Drones are drafted in to wage war on beach litter as local council uses eye-in-the-sky to create real-time map of waste hotspots
- Drones are being used by Bournemouth, Christchurch and Poole Council
- The aim it to speed up the council’s response to rubbish left behind by visitors
- The Daily Mail helping to launch Keep Britain Tidy’s Great British Spring Clean
They are giving litter-pickers the upper hand in the battle against the ever-growing tide of waste in our countryside.
Drones are being used by a council which looks after some of Britain’s finest beaches to speed up its response to rubbish left behind by visitors.
The spy-in-the-sky technology allows officials to create a real-time aerial waste map, identifying hotspots to send its teams out to.
Bournemouth, Christchurch and Poole Council is using the unmanned patrols on a stretch of coastline which was wrecked last year by careless beach-goers.
Drones are being used by Bournemouth, Christchurch and Poole Council to speed up its response to rubbish left behind by visitors. Pictured: Ellie Mackay guides a drone to find litter
Their efforts come as the Daily Mail helps launch Keep Britain Tidy’s Great British Spring Clean, asking readers to roll up their sleeves and beat the 900,000 bags of litter 563,000 of you collected during the campaign in 2019.
Britain’s first ‘smart survey’ of litter covered a stretch of the Dorset coastline last week to create a ‘treasure map of trash’.
The bird’s eye view allows information to be collected on where litterbugs are dropping their rubbish and how it then spreads along the beaches.
The images – and an algorithm which identifies rubbish by type – will provide an invaluable aid to the council’s efforts to protect its scenery and wildlife.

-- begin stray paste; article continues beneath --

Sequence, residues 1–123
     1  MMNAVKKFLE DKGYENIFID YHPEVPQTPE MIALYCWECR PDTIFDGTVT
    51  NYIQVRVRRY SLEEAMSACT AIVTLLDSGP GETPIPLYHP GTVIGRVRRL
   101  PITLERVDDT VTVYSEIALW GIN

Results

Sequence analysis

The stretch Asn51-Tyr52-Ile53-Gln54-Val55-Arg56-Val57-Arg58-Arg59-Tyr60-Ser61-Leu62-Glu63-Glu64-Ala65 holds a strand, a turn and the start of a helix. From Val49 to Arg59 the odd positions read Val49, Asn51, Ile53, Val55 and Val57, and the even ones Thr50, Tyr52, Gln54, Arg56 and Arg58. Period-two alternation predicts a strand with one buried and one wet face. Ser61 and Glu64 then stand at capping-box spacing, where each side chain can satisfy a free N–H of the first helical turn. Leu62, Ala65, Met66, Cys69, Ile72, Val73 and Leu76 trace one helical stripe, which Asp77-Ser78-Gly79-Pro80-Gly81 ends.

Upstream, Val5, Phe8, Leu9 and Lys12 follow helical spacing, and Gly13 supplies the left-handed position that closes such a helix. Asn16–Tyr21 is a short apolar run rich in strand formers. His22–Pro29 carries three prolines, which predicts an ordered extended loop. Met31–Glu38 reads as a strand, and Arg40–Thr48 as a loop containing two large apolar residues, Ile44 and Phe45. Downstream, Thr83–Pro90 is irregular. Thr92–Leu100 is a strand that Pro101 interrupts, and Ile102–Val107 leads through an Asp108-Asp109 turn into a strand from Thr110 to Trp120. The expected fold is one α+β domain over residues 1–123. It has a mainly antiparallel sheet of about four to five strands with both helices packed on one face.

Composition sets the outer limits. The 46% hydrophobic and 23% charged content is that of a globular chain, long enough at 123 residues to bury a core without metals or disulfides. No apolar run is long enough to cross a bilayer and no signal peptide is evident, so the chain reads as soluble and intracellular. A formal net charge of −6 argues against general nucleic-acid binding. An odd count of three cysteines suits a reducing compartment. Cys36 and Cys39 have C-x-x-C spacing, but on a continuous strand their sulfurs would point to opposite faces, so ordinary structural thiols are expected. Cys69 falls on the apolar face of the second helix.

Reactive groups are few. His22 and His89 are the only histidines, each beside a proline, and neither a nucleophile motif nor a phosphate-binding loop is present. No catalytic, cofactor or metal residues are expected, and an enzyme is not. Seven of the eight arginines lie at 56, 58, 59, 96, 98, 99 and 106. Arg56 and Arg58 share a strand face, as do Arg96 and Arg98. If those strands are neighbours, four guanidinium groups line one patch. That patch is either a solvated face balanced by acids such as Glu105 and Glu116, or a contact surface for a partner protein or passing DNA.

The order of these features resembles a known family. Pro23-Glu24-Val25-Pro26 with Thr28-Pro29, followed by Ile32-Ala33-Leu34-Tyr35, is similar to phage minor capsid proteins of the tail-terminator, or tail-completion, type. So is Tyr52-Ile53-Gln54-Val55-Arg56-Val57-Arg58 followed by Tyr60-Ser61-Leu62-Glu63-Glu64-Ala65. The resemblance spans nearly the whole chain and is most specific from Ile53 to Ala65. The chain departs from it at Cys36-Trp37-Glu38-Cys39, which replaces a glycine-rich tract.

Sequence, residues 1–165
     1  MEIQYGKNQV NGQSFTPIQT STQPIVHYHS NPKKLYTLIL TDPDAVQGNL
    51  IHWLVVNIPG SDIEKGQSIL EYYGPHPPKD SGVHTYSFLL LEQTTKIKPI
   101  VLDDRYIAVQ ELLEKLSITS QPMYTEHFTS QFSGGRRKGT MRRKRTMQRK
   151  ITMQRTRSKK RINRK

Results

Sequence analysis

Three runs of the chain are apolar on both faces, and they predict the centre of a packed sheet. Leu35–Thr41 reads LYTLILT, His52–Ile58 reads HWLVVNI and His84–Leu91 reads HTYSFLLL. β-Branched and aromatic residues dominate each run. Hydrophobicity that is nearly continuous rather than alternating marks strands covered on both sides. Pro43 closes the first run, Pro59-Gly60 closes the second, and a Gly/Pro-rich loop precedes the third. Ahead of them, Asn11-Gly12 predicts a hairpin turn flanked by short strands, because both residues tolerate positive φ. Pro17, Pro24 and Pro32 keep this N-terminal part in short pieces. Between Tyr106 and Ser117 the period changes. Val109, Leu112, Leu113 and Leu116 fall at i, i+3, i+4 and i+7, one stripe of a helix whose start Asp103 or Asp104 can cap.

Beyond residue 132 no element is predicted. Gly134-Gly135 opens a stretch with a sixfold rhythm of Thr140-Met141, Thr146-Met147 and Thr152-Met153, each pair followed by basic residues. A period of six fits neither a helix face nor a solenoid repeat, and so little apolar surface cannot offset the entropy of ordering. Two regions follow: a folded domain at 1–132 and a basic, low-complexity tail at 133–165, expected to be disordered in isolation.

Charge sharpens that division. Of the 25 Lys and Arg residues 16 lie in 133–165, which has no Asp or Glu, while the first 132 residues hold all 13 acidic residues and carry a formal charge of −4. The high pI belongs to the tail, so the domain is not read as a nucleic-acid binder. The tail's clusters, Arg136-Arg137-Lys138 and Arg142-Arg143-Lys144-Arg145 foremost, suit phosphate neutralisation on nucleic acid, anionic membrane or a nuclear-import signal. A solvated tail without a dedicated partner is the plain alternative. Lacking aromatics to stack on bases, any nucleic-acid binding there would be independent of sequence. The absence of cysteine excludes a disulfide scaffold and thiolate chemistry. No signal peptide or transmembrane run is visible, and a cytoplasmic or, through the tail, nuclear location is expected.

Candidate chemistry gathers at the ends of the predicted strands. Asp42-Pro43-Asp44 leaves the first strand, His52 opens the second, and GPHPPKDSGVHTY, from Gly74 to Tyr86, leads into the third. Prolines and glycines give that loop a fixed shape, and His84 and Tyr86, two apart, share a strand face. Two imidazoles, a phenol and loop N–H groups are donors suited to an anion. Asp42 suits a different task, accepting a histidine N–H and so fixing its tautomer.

Any litter hotspots are noted along the stretch of coast from Sandbanks in Poole, via Canford Cliffs, Bournemouth and Boscombe beaches to Hengistbury Head near Christchurch.
This allows the council to identify where best to provide extra bins or alter street cleaning schedules. Officials hope this will prepare the sands for a bumper summer of tourism as lockdown lifts, with new bins encouraging visitors to dispose of their litter responsibly.
A major incident was declared in June last year when half a million people descended on the Dorset beaches, leaving locals shocked by the waste strewn across the sand.
The spy-in-the-sky technology allows officials to create a real-time aerial waste map, identifying hotspots to send its teams out to. Pictured: The litter is highlighted in yellow by the drone
The council teamed up with environmental charity Hubbub, McDonald’s and drone specialists Ellipsis Earth.
Ellipsis Earth’s founder Ellie Mackay, who is leading the team of scientists, said the beaches in question are unusual in that, unlike some of the world’s most polluted coastlines, the rubbish is not brought in by tides from the sea.
‘All the litter that is detected on these beaches has been brought here each day by users and littered and left behind. So that means we can really effectively target the sources of that trash,’ she said.
The same technology was used last summer in Sorrento, Italy, and reduced litter by 45 per cent.
Bournemouth councillor Mark Anderson said the authority was ‘delighted’ to have been invited to take part, adding: ‘Litter is everyone’s responsibility… visitors should behave responsibly and pick up after themselves.’
Bournemouth beach was voted the nation’s favourite in a WWF-UK survey in February.